The use of ultraviolet (UV) light for water disinfection has become increasingly popular due to on-going issues with drinking water and public health. Pulsed UV light has proved to be an effective form of inactivating a range of pathogens including parasite species. However, there are limited data available on the use of pulsed UV light for the disinfection of flowing water in the absence or presence of inorganic contaminants commonly found in water sources. Here, we report on the inactivation of test species including Bacillus endospores following pulsed UV treatment as a flow through system. Significant levels of inactivation were obtained for both retention times tested. The presence of inorganic contaminants iron and/or manganese did affect the rate of disinfection, predominantly resulting in an increase in the levels of inactivation at certain UV doses. The findings of this study suggest that pulsed UV light may provide a method of water disinfection as it successfully inactivated bacterial cells and bacterial endospores in the absence and presence of inorganic contaminants.

INTRODUCTION

The incidence of water-related disease outbreaks resulting from the presence of pathogenic organisms has been well documented. The disinfection of public water supplies with chlorine has been instrumental in reducing the prevalence of disease; however, the resistance of parasitic organisms and microbial endospores to chlorination has led to the need for alternative disinfection methods. Furthermore, the formation of disinfection by products from chlorination raises concerns for public safety. The use of ultraviolet (UV) light for the disinfection of water has proved beneficial in terms of microbial inactivation and a reduction in water-associated disease outbreaks. The method of UV disinfection is due to the interference of UV energy with the genetic material of the microbial species, leading to the formation of DNA abducts (thymine dimers) and strand breaks that result in an inhibition of replication. The inability of the pathogen to reproduce itself (as indicated by bacterial growth in cultures or pathogen infectivity assays) is an indication of UV effectiveness. The higher the UV dose applied, the greater the nucleic acid damage, resulting in a lower percentage of cells that survive UV irradiation (Oguma et al. 2001). The UV systems which are currently applied for drinking water disinfection processes are monochromatic low pressure UV at a wavelength of 254 nm and medium pressure UV, which emits a wider range of wavelengths including UV-A, -B, -C and visible light. Although an effective means of inactivating pathogens, limitations of these lamps do exist including microbial repair mechanisms, depth of penetration and the presence of contaminants in the treatment medium. Alternative forms of UV delivery such as pulsed UV light have been developed which aim to overcome these issues. Pulsed UV systems operate by storing electrical energy in a capacitor and releasing it into the treatment chamber in very short duration pulses. These pulses contain a broader range of wavelengths and an increased penetration capacity than standard UV approaches. The use of pulsed UV light as a bench scale system has highlighted its effectiveness for the inactivation of bacteria, endospores, protozoans and viral test species (Garvey et al. 2010, 2014). However, there is limited information on the use of pulsed UV light for the disinfection of water as a flow through system, or in the presence of inorganic contaminants. Contaminants such as manganese and iron occur naturally in many groundwater, surface water and soil sources. Furthermore, human activities are responsible for much contamination of water in some areas leading to varying concentrations depending on location (WHO 2011). Manganese has uses in many industrial applications such as the production of iron, steel, aluminium and batteries, increasing its presence in waterways. Iron has many uses such as the construction of automobiles among many other industrial areas. Manganese II (Mn2+) has been found at concentrations of up to 9.6 mg/L in groundwater while iron II is commonly found at a concentration of 0.3 mg/L in drinking water (WHO 1996). Due to the presence of these inorganic contaminants in water from natural and manmade sources, the aim of this study was to determine the efficacy of a pulsed light system for the disinfection of flowing water in the absence and presence of the inorganic contaminants.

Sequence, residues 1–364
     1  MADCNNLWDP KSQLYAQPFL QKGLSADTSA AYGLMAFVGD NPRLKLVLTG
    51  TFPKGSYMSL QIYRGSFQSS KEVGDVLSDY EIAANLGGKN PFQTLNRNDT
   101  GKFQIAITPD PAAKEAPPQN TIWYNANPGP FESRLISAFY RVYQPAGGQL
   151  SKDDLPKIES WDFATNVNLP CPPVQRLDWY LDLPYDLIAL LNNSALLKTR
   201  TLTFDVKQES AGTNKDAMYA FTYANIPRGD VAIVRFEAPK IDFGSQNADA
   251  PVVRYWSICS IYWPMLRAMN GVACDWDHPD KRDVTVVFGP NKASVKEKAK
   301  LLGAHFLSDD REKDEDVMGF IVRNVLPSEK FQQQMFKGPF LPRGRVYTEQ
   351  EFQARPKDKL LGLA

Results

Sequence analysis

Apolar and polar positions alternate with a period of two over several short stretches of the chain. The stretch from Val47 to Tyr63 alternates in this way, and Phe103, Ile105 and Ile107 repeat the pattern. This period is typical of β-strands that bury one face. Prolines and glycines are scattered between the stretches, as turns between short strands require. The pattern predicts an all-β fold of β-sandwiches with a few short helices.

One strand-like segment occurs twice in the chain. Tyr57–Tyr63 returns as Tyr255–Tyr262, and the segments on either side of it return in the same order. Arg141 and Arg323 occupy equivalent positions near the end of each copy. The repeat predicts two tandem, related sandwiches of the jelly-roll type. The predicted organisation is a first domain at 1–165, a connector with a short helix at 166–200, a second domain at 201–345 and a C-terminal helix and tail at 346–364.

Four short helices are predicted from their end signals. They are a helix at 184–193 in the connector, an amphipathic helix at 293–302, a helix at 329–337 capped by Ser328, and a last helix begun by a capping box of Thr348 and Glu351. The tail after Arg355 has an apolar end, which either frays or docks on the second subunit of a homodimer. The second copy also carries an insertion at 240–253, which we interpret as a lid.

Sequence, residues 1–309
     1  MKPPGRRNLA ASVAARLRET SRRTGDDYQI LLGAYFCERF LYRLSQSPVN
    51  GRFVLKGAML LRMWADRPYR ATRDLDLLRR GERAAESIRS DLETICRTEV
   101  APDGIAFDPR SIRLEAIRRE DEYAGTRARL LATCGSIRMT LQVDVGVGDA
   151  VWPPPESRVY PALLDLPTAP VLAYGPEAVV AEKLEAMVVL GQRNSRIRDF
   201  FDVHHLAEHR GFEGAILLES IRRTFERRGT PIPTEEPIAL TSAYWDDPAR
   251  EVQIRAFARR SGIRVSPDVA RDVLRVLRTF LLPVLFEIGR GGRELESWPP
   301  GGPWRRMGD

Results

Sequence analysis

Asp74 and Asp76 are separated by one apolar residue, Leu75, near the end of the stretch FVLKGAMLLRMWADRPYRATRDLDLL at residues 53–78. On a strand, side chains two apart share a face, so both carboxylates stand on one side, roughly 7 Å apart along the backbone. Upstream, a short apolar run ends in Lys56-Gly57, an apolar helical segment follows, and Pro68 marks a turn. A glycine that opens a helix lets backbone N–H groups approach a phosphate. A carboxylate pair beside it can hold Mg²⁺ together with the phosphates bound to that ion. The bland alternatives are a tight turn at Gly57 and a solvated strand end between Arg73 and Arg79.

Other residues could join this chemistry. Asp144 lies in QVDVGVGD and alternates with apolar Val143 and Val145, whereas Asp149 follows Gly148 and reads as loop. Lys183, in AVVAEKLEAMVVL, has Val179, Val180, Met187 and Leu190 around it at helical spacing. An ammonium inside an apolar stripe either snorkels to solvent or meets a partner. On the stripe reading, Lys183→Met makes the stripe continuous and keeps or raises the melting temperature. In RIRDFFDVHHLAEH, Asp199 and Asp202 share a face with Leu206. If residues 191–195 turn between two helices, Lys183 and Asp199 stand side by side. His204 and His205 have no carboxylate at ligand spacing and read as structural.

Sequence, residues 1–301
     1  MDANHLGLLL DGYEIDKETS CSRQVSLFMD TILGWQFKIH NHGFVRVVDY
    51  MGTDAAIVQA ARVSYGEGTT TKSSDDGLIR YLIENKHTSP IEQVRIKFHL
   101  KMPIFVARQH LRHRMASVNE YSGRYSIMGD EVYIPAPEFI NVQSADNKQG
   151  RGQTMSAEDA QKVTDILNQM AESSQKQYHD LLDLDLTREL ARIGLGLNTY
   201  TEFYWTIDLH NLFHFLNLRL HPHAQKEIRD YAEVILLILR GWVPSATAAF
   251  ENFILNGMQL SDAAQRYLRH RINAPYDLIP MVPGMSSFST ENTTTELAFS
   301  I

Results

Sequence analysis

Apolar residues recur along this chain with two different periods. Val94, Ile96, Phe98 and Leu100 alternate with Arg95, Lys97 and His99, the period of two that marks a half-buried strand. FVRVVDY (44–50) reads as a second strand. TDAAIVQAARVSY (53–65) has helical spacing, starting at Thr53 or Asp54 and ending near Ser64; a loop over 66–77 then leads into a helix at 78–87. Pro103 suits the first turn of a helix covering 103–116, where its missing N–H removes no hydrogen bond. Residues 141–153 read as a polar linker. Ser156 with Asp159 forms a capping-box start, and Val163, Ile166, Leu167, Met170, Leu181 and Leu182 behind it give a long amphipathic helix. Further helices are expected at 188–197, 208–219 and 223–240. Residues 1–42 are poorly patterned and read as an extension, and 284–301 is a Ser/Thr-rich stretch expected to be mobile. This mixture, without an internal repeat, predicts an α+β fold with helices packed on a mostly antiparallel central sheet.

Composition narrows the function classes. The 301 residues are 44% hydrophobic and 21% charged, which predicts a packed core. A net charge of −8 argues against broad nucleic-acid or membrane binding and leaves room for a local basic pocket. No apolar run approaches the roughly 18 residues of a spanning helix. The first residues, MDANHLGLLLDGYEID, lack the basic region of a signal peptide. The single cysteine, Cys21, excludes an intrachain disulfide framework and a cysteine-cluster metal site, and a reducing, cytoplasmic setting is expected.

METHODS

Pulsed UV system